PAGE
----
Joel first played the Nassau Coliseum in 1977. He was the final performance at the old Coliseum, in 2015, before it shut down for two years to retool. Last Wednesday, he opened the newly nice Coliseum with a three-hour show. A representative for the Coliseum told me the 16,000 tickets sold out "within minutes."
Joel is the international representative of white Long Island culture. There was actually a surprising number of Joel lookalikes in the crowd: stocky, tan, shaved head, grey-to-white goatee. Many of those wore Mets or Islanders gear or concert tees from Joel tours in decades past. (Joel wore black jeans, a black suit jacket, a black button-down shirt, and a black-and-white striped tie).
The new Coliseum itself seems, despite efforts to carry local Long Island beers and stuff like that, infected by Brooklyn to the west. The stadium was designed by the same guys who did the Barclays Center, the stadium the Islanders abandoned the Coliseum for, and it looks… basically like Barclay's. The outer curved metal cladding is silver rather than rust-colored, but it is very clearly a cousin of Barclays. Faux-wood beams and exposed fittings cross over the concession stands. The projector screen hanging over the stage is split into asymmetrical vertical strips, sort of like the Black Flag logo. Even the fonts on signs are the same.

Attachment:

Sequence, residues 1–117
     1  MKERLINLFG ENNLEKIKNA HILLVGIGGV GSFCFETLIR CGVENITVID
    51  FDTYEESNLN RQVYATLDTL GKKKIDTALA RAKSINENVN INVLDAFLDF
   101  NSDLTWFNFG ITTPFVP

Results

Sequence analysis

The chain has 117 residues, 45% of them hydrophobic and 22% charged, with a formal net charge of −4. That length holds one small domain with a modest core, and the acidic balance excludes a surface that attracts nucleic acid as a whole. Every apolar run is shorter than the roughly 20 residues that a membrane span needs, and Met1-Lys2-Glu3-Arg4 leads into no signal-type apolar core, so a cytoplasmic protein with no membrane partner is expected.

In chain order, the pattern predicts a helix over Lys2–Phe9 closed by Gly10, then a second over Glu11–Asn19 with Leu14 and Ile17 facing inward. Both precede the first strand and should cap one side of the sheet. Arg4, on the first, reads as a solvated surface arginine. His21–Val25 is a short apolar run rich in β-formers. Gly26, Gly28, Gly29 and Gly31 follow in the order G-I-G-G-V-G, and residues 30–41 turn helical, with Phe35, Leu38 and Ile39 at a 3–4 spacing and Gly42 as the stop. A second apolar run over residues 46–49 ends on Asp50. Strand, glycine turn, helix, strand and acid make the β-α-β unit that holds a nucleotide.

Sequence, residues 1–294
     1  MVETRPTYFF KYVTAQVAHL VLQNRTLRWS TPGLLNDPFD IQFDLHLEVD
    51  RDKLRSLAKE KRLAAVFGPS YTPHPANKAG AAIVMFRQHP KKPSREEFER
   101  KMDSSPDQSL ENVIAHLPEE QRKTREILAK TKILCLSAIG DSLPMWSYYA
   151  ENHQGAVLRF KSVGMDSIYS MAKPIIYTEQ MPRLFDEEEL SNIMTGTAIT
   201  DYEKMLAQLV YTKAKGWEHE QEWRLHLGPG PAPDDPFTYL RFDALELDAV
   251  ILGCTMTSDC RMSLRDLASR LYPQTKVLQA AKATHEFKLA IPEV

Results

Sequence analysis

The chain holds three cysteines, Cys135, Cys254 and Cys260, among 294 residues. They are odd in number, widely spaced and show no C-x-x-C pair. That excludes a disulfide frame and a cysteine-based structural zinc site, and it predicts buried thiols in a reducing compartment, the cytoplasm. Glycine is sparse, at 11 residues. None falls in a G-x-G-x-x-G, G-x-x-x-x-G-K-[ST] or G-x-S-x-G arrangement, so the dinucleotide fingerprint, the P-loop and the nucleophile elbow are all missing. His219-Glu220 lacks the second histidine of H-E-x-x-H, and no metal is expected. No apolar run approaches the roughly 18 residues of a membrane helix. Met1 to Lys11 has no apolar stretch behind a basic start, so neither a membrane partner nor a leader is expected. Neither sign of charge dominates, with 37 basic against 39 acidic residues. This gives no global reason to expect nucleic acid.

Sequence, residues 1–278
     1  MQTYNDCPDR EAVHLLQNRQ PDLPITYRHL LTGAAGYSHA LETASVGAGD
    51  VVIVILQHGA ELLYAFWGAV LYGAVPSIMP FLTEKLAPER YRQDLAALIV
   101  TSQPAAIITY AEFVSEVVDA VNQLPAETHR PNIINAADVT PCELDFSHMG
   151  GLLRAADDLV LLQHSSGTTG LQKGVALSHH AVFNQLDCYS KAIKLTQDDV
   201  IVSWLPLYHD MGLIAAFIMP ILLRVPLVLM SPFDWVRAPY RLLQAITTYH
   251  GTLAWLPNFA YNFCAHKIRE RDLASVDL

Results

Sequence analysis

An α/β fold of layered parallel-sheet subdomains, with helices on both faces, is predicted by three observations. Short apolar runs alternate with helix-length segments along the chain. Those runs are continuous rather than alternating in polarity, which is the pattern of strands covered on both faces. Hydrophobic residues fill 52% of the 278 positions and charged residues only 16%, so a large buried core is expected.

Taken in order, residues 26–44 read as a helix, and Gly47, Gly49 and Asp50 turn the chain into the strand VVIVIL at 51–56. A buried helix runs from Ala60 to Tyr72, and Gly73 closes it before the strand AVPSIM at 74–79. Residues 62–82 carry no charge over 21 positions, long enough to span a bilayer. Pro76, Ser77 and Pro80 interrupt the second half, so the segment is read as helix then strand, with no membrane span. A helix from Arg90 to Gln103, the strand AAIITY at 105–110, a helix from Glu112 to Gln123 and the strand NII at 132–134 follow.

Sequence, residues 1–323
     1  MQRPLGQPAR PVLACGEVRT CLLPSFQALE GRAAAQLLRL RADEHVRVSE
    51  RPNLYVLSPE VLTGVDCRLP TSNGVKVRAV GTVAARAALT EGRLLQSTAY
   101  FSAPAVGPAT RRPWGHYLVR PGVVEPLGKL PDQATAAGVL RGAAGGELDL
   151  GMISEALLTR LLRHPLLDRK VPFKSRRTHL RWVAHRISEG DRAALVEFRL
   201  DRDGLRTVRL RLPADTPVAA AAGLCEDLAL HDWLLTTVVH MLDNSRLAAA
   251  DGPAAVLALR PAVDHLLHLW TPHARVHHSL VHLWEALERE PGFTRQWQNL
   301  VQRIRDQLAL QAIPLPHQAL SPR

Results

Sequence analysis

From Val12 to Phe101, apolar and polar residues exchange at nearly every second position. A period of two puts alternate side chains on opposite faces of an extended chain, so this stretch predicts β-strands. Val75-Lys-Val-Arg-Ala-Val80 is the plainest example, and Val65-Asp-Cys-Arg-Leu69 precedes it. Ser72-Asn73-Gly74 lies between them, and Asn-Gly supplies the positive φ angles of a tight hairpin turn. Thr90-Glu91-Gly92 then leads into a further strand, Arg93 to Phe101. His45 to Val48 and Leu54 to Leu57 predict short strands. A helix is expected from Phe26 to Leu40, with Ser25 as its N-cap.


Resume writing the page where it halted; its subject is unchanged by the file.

None of this stopped the concert from being wholly Long Island. (Besides, Brooklyn is, despite the best efforts of marketers, a part of the Island). Joel played nearly every song he ever wrote with a reference to Long Island—"Scenes From An Italian Restaurant," "The Downeaster Alexa," "New York State Of Mind," "Piano Man," "It's Still Rock 'N Roll To Me"—and sometimes changed the lyrics to songs to have more Long Island references. He made a point of listing where his band members are from: the trumpeter from Baldwin, on the South Shore, the sax player from Brooklyn, the keyboardist from New Jersey. At one point the stars of The King of Queens, a sitcom that has been off the air for a decade, came out and did an interpretive dance. Kevin James ends up dancing with and eating a very large sandwich. Eventually Joan Jett comes out and does a couple of her own songs while Joel looks like he's having a great time.